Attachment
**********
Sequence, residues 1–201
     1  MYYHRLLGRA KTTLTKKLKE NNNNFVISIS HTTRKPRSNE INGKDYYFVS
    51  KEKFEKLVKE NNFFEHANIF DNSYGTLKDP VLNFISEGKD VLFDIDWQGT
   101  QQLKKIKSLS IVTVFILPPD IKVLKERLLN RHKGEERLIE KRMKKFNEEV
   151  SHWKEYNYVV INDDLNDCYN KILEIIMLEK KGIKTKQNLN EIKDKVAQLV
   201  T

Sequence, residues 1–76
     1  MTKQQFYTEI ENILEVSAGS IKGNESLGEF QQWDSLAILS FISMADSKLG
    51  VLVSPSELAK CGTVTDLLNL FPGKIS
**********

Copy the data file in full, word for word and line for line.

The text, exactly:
Sequence, residues 1–201
     1  MYYHRLLGRA KTTLTKKLKE NNNNFVISIS HTTRKPRSNE INGKDYYFVS
    51  KEKFEKLVKE NNFFEHANIF DNSYGTLKDP VLNFISEGKD VLFDIDWQGT
   101  QQLKKIKSLS IVTVFILPPD IKVLKERLLN RHKGEERLIE KRMKKFNEEV
   151  SHWKEYNYVV INDDLNDCYN KILEIIMLEK KGIKTKQNLN EIKDKVAQLV
   201  T

Sequence, residues 1–76
     1  MTKQQFYTEI ENILEVSAGS IKGNESLGEF QQWDSLAILS FISMADSKLG
    51  VLVSPSELAK CGTVTDLLNL FPGKIS